Thursday, March 31, 2011

Hiring a Good Editor

On March 30 I mentioned all the e-mails I've been getting lately from writer friends who are following the arguments for and against e-books vs. legacy publishers.

Here's a new one: "Author, sell thyself."

What especially struck me was Amanda Hocking's experience:
"Hocking [has] complained more than once about the trouble she's had finding freelance editors capable of catching the typos and grammatical errors that keep turning up in her novels."

My goodness, Amanda! I wish you had dropped me a line. I personally know two excellent editors. One is recently retired from a brand-name publisher and would have done a first-class job on your novels. The other, a member of SCBWI, is also a highly skilled editor.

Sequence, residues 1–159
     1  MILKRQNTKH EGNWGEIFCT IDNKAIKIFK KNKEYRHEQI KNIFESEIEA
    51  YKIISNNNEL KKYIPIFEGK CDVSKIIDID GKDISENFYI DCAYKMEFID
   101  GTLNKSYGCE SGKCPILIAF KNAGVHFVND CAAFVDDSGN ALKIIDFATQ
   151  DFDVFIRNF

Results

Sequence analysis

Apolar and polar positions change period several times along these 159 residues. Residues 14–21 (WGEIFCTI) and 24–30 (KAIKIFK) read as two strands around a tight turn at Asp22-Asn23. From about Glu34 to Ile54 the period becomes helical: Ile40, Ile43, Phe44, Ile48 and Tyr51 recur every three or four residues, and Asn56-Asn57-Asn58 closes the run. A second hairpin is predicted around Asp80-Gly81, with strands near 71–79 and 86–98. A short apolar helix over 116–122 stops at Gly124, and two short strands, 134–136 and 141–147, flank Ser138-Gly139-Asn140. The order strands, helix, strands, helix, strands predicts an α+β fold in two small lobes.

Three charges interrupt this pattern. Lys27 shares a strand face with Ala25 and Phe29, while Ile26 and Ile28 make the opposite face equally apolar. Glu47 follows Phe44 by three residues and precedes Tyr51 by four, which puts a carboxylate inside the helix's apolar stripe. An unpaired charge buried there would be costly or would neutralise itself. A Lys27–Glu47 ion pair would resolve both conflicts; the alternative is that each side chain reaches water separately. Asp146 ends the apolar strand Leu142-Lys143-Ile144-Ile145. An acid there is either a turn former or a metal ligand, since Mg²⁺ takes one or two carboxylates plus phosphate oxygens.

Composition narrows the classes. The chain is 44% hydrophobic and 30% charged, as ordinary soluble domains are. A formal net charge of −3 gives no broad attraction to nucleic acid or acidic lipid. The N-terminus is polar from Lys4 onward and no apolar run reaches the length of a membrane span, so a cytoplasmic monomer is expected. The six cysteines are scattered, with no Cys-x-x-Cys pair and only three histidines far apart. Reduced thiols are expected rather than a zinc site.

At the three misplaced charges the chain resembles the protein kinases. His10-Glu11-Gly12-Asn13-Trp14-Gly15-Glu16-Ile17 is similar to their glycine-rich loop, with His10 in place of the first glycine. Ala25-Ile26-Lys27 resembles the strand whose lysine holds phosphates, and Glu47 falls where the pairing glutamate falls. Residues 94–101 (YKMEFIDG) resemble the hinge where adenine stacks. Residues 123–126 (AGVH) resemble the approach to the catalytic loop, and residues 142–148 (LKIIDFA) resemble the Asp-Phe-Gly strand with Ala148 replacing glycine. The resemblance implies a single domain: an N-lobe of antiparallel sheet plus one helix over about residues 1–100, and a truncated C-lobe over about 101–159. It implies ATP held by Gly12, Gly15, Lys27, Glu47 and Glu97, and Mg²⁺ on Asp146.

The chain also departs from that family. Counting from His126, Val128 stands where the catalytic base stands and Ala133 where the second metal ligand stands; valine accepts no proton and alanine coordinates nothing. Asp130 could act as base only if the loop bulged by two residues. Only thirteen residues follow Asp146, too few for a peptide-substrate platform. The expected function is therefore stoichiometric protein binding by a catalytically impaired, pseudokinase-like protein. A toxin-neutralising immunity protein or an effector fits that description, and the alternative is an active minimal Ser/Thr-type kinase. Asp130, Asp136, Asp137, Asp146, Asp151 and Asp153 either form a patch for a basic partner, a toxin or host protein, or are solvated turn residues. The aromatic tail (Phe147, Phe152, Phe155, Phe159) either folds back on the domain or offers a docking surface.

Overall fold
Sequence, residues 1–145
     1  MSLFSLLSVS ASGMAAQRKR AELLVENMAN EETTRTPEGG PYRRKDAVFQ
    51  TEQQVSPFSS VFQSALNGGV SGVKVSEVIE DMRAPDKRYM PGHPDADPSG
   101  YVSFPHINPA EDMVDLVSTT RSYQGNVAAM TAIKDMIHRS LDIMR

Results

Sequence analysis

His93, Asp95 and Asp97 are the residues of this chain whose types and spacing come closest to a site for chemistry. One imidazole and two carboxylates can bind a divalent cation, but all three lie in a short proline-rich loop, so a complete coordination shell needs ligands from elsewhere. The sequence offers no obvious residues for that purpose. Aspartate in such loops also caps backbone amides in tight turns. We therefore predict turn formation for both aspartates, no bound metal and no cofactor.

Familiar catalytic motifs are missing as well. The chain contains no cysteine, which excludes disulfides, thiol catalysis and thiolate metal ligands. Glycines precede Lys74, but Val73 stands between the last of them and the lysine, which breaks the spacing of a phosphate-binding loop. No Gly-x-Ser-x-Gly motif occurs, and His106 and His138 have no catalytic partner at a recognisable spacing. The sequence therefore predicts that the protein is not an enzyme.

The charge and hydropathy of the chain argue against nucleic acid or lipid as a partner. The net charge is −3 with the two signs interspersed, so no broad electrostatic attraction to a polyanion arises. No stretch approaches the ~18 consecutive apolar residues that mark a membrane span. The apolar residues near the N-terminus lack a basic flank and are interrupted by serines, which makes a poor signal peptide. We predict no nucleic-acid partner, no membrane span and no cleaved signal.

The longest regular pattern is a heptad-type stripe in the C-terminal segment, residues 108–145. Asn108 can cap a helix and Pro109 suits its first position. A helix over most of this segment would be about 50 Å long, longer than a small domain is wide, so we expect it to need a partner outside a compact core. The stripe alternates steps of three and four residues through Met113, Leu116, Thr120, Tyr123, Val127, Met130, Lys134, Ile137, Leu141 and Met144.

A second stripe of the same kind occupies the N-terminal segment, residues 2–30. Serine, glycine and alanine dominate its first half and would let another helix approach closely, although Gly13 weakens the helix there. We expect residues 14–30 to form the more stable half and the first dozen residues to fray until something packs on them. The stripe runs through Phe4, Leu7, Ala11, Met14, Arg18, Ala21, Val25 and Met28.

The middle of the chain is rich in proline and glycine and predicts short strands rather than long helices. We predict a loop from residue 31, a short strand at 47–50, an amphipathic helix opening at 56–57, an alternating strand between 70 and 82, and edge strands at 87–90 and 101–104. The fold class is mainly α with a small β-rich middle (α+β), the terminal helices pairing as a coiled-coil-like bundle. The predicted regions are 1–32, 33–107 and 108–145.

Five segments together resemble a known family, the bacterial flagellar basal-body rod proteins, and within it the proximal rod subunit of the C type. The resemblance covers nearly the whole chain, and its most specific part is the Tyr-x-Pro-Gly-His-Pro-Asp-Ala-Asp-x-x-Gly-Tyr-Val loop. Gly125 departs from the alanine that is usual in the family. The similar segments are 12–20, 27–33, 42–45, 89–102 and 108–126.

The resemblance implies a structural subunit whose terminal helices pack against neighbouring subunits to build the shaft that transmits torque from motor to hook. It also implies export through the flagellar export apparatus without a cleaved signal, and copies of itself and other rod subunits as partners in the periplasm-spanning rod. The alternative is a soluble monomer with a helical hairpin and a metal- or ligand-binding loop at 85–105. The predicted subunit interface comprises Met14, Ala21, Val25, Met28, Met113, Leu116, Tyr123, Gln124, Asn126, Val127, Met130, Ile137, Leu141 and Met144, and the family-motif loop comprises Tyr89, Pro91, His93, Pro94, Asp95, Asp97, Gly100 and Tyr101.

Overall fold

Then there's the Editorial Freelancers Association, which I belonged to back when I was doing more editing than writing. To quote from the EFA website:
Member specialties include —

    * abstracts
    * copyediting
    * design
    * desktop publishing
    * editing
    * indexing
    * manuscript evaluation
    * picture research
    * project management
    * proofreading
    * research
    * textbook development
    * translation
    * writing 

I feel sure you could find a more-than-competent editor among EFA's members.

I'm not trying to be snippy. I am truly puzzled that you have had trouble finding a good editor. Maybe it's because I've earned much more, over the years, as an editor than as a writer. My first job out of college was as a copyeditor on a newspaper. Then I moved into manuscript evaluation, line editing, and developmental editing for an educational publisher. I may move in circles that are more editorial than writerly.

In any event, with all of the experienced editors who have lost their jobs because of the recession and the ongoing shrinkage in the traditional publishing business, there is plenty of talent out there.

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